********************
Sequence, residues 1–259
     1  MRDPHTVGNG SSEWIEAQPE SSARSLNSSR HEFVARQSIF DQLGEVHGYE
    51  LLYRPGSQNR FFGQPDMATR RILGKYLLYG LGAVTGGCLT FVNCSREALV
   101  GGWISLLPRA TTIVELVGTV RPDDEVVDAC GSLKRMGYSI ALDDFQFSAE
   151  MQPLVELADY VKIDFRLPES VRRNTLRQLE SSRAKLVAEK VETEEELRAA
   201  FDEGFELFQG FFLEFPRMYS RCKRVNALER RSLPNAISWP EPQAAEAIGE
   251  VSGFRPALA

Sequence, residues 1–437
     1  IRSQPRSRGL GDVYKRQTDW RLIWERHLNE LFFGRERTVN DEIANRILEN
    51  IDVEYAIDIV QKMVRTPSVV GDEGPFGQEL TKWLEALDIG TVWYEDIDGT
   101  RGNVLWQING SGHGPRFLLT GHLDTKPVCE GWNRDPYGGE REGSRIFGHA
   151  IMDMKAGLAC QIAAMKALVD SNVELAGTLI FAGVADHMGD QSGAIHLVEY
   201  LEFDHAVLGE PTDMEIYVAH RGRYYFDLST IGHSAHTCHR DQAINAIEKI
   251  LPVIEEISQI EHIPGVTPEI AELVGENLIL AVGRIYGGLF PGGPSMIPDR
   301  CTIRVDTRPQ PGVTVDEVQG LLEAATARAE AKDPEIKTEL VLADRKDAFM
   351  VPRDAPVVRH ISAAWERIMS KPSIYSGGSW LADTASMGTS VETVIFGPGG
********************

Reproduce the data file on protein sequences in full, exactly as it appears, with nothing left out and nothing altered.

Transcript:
Sequence, residues 1–259
     1  MRDPHTVGNG SSEWIEAQPE SSARSLNSSR HEFVARQSIF DQLGEVHGYE
    51  LLYRPGSQNR FFGQPDMATR RILGKYLLYG LGAVTGGCLT FVNCSREALV
   101  GGWISLLPRA TTIVELVGTV RPDDEVVDAC GSLKRMGYSI ALDDFQFSAE
   151  MQPLVELADY VKIDFRLPES VRRNTLRQLE SSRAKLVAEK VETEEELRAA
   201  FDEGFELFQG FFLEFPRMYS RCKRVNALER RSLPNAISWP EPQAAEAIGE
   251  VSGFRPALA

Sequence, residues 1–437
     1  IRSQPRSRGL GDVYKRQTDW RLIWERHLNE LFFGRERTVN DEIANRILEN
    51  IDVEYAIDIV QKMVRTPSVV GDEGPFGQEL TKWLEALDIG TVWYEDIDGT
   101  RGNVLWQING SGHGPRFLLT GHLDTKPVCE GWNRDPYGGE REGSRIFGHA
   151  IMDMKAGLAC QIAAMKALVD SNVELAGTLI FAGVADHMGD QSGAIHLVEY
   201  LEFDHAVLGE PTDMEIYVAH RGRYYFDLST IGHSAHTCHR DQAINAIEKI
   251  LPVIEEISQI EHIPGVTPEI AELVGENLIL AVGRIYGGLF PGGPSMIPDR
   301  CTIRVDTRPQ PGVTVDEVQG LLEAATARAE AKDPEIKTEL VLADRKDAFM
   351  VPRDAPVVRH ISAAWERIMS KPSIYSGGSW LADTASMGTS VETVIFGPGG